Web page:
Nuclear secrets top of West's snooping list

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The Independent Online
You could not have found a more graphic example of the reason why the West still spies on Russia: a scientist had been arrested for allegedly smuggling more than two pounds of nuclear material out of the country - weapons-grade contraband, that could be used to make a bomb. The man worked in the once secret Siberian city of Krasnoyarsk, and had - according to the Russian security services - invented a new way of making nuclear substances for military use.

Last night the report, published by Itar-Tass, was unconfirmed. If true, it will be the first time the Russians have admitted that weapons-grade fissile materials have been smuggled out of the country. It will also send a chill through every western security agency; for it is the scenario that they fear the most.

The story broke as both Moscow and London were yesterday keeping mum about the precise nature of Russia's spying accusations, but theories were coming as thick and fast as the traffic fumes that fill Moscow's streets. Britain and the West are as curious as ever about the contents of Russia's more secret closets.

After the collapse of the Soviet Union and the advent of "glasnost", western spying in Russia is believed to have increased, as agencies vied with one another to find out more about previously secret installations, people, and projects that they had been puzzling over for years. Much of that reservoir of information has been exhausted, but there are plenty of others.

The Russians say the alleged British agent whom they are holding worked in a federal government office with access to "political and defence and strategic importance to British intelligence" - a vague term covering a multitude of sins.

Arms control treaties and spy satellites have made spying largely redundant for gathering straightforward military intelligence. East and West can and do conduct detailed inspections of each other's installations, and are punctilious in honouring the provisions of the treaties. The Russians - and their western counterparts - have all bent over backwards to show each other as much of their military hardware as possible and also to talk about military organisation and doctrine.

It is therefore in the political and economic arena that cloak-and-dagger spying still has a role. With an election looming, for instance, the Foreign Office will have an appetite for political information, including the political and financial consequences of a Communist victory.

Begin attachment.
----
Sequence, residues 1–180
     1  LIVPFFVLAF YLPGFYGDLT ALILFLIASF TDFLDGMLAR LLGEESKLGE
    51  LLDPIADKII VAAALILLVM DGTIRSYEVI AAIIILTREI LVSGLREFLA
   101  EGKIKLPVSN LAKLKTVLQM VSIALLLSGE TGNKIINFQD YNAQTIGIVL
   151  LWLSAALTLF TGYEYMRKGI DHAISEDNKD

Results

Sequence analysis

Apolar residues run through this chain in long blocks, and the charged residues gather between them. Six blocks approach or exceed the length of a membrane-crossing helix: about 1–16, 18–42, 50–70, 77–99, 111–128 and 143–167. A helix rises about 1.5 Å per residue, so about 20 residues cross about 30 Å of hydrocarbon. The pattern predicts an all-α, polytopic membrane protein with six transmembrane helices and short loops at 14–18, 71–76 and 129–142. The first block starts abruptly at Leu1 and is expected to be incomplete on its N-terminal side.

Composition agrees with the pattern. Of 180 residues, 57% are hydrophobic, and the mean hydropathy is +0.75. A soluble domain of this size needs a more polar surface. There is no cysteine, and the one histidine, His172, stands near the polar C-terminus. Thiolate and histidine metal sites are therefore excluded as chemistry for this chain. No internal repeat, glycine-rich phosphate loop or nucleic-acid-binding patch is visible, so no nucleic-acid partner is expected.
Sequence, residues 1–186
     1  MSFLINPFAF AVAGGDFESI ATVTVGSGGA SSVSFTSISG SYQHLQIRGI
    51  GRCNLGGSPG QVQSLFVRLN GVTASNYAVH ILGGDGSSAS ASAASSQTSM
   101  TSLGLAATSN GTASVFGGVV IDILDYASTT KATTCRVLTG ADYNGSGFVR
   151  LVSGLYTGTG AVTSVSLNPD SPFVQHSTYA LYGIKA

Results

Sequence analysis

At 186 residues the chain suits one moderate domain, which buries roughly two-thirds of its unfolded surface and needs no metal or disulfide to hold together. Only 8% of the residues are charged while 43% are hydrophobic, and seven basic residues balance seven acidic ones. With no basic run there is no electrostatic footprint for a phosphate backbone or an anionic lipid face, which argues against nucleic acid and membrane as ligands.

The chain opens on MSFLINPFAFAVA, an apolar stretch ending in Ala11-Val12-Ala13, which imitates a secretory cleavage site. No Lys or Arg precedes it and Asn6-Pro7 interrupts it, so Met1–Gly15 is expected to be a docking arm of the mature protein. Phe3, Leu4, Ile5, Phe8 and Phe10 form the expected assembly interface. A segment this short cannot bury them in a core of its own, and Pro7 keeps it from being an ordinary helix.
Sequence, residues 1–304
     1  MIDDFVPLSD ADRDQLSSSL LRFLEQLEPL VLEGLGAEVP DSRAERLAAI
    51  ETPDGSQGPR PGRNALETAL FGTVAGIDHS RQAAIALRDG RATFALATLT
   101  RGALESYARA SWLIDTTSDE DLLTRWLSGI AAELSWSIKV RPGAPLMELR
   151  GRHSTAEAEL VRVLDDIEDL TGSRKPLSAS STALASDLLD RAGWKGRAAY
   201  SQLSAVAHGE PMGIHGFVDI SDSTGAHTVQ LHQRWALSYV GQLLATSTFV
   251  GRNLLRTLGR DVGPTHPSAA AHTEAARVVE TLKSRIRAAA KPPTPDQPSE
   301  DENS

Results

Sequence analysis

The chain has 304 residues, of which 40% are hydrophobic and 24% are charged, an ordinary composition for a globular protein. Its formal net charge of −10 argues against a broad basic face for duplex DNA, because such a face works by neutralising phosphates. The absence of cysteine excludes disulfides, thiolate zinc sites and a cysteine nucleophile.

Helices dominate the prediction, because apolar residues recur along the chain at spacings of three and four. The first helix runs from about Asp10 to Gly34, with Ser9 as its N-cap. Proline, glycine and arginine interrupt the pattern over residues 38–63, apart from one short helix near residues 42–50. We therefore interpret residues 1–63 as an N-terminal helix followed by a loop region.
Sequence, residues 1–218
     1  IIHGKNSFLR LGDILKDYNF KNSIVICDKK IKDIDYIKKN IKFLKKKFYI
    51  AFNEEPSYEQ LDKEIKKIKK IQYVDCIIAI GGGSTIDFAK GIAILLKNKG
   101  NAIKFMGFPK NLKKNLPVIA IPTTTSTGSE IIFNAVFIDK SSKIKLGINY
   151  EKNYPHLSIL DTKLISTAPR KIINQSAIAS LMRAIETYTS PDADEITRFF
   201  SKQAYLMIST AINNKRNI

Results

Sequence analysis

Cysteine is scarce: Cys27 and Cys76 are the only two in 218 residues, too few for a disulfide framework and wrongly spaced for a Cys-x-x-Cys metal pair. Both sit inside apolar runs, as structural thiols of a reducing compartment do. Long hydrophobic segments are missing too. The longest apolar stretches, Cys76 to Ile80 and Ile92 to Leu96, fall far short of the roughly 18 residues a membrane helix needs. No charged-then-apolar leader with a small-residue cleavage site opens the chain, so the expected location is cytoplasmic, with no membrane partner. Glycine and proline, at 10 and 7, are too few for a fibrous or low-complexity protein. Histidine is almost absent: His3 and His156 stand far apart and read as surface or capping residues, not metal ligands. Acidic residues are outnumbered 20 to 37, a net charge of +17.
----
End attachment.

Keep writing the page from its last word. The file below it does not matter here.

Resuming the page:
During the Cold War, the West devoted great attention to the Soviet economy - and assessing the resources it was pouring into the ability to wage a protracted war. The collapse of the Soviet economy has made that less crucial, although the exact strength of the Russian economy in certain areas remains of interest.

One such area is that of revolutionary new technologies, where Russia, for all its economic problems, maintains islands of excellence.Deep-diving submarines like the modified Alfa class, beam weapons, and extremely high and fast-flying aircraft are areas in which Russia still surprises western observers.

The most sensitive area now is the fate of nuclear weapons and materials, and arms exports. In particular, it would be surprising if the CIA, MI6 and the Israelis were not taking a strong interest in Russia's relationship with Iran, to whom it has sold several billiondollars' worth of weapons systems and diesel-electric submarines in the last few years.

They will be watching closely the nuclear power plant that the Iranians are building at Bushehr, 470 miles south of Tehran, using Russian-supplied reactors. Nor did they deny their curiosity about an underground complex the Russians have been building in the Ural mountains, under the gaze of western spy satellites. The project, hidden inside Yamantau mountain in Beloretsk, involved the creation of a huge complex, served by a railroad, a major road, and thousands of workers. Fears were raised that Russia planned to manufacture chemical and biological weapons.

Following a period of unprecedented openness between East and West, there are many signs that Russia may, once again, be closing its doors. On 9 March a decree by President Yeltsin demanded the "improvement of the system of State secrets" Mikhail Barsukov, the head of the FSB - the Russian security service, which formulated the accusations against the man accused of passing information to the British and his alleged controllers - said not enough things were classified as state secrets.

In the past year, several British industrialists, academics and business people have been accused of espionage, while attempting to assess what help the Russians might need. "I was accused of being a Nato spy", said one man yesterday "I told them that so far I had seen nothing worth spying on."